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The Plug Party

On December 15, 2009 The Plug celebrated fifty issues of unique taste by hosting a party at an Atlanta bar (Kavarna). The party began at 7:30 PM. When nobody had shown up by 8:00 PM, I felt defeated. I have never been successful at attracting a crowd.

A few weeks earlier, I had received an email from a woman named Wendy who was planning to travel to the party from Columbus, Ohio with her boyfriend, Adam. True, I wanted guests at my party, but I didn't expect anybody to actually take me up on the offer. Wendy asked for advice about nearby hotels, and it worried me that she and Adam would travel all that way for a potentially lackluster party. As Patti said, "They might make up 20% of the audience."

At 8:15 PM, a woman and man walked into the venue. They stared at me. I stared back.

"Are you Wendy?" I asked.

"Yes," she replied.

I was genuinely shocked. These people drove 568 miles to acknowledge that they read and enjoy a website. Plus, they came bearing gifts: an Ohio t-shirt and chocolate peanut-butter candies called Buckeyes. Plug contributor Tracie Masek, who was born in Columbus, says Buckeyes are the best thing that Ohio has to offer, but I didn't have to take her word for it. Patti and I and even the bartenders at Kavarna ate Buckeyes and we hummed with pleasure. Having Wendy and Adam present was one of the greatest highlights of producing The Plug over the past seven years. They are much braver than I, and for that I am thankful.

Party guests slowly trickled in, like Plug contributor Jason Royal, who always brightens a room. My only plan for the night was to play records, chat with friends, and eat some cake. About that cake...

The Plug has a long history of cake writing articles. I like to think that piping messages to customers' loved ones brings joy to cake decorators. If nothing else, it gives them something to talk about at dinner. I thought it would be fitting to have a cake decorator pipe an outline of the iconic Plug toaster for the party, but the cake decorator didn't cooperate. She used edible ink to create a facsimile of the toaster which looked great, but I was hoping for something that looked more homemade and shitty. You know, like the website.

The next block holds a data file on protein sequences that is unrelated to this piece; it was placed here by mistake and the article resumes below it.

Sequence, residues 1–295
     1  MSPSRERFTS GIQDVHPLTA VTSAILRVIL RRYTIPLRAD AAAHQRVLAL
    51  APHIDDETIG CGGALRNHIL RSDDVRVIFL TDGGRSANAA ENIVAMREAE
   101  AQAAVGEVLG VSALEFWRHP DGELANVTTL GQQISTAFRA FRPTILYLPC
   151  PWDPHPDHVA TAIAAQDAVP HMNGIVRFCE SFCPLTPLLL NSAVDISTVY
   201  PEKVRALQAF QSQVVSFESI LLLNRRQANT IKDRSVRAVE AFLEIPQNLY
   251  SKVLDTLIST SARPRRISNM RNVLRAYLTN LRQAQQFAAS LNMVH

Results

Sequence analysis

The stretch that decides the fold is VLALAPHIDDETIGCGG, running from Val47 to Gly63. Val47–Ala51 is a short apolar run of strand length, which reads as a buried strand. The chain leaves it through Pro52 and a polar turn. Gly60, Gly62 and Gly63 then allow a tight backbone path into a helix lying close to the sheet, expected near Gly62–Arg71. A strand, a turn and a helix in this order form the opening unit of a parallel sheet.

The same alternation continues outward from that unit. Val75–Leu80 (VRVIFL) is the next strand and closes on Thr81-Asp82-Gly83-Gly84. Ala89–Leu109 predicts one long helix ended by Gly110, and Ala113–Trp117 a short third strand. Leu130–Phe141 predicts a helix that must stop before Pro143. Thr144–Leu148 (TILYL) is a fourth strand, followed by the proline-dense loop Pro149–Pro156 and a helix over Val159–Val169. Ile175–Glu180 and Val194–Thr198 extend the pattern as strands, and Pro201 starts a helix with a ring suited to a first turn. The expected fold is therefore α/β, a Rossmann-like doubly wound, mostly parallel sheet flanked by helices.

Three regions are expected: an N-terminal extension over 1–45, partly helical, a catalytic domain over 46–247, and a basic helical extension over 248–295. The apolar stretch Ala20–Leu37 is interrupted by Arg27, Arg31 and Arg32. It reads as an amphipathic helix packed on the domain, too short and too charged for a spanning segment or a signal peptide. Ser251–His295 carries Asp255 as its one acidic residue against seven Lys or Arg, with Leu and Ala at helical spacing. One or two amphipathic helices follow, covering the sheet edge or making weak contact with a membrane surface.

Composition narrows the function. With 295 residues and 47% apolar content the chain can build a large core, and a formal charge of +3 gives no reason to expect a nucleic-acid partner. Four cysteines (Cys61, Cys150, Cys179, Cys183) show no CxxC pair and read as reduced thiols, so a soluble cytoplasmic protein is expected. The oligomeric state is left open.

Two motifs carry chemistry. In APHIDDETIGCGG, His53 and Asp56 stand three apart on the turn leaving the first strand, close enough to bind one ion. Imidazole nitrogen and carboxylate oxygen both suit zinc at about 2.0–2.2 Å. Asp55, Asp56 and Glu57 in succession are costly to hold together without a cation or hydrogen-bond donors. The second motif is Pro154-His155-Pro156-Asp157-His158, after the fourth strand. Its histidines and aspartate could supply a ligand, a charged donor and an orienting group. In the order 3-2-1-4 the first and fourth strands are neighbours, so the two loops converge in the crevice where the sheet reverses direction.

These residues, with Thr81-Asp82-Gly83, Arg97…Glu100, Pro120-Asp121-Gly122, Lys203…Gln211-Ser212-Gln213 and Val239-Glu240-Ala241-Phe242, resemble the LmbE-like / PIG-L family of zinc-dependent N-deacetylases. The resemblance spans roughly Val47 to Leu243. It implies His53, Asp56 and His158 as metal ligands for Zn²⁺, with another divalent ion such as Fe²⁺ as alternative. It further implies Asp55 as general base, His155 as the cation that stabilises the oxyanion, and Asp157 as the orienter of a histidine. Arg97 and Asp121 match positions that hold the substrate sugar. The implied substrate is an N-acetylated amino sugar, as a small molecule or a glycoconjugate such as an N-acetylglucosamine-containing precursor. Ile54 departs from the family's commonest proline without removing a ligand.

Incidentally, I can read your mind. The cake was vanilla with cream cheese frosting, and it was fantastic.

The soundtrack for the party was created by those in attendance. Guests were encouraged to bring vinyl records to the party. It created a one-of-a-kind Frankenstein mix-tape that really tied the room together.

In the corner of the bar, I set up a merchandise table with a a mountain of freebies (zines, postcards, stickers) and site artifacts (the Plug toaster in the flesh/plastic, mini ship in a mini bottle, a Jay voodoo doll). Contributor Cat McCord worked overtime to create free toaster magnets and hairpins. They looked amazing in and out of people's hair.

Another item that garnered a lot of smiles was The Plug Certificate of Awesome-ticity. I was so appreciative that people chose to spend their Tuesday night with a guy like me that I proudly awarded certificates to:


Elliott & Meta
The Best Bartenders that I've Seen All Day


Adam & Wendy
The Best Distance Traveled that I've Seen All Day


The Woman in the Orange and Black
The Best Laptoping that I've Seen All Day


The guest turnout may not have been huge, but The Plug Party was fun and lively. Three beers and three hours later, Patti and I said goodbye to our new friends, Wendy and Adam.

Patti's parting words to them were, "That guy on the internet, that's not Jay."

She was right. The curtain had been pulled back and I became a regular guy without the mystery. An avoider of eye contact with a nervous stomach. A mumbler who is unable to speak a sentence without saying "awesome." And a man who has closure to the past seven years of my life.

The Plug Issue #50: Finally.
Issue #50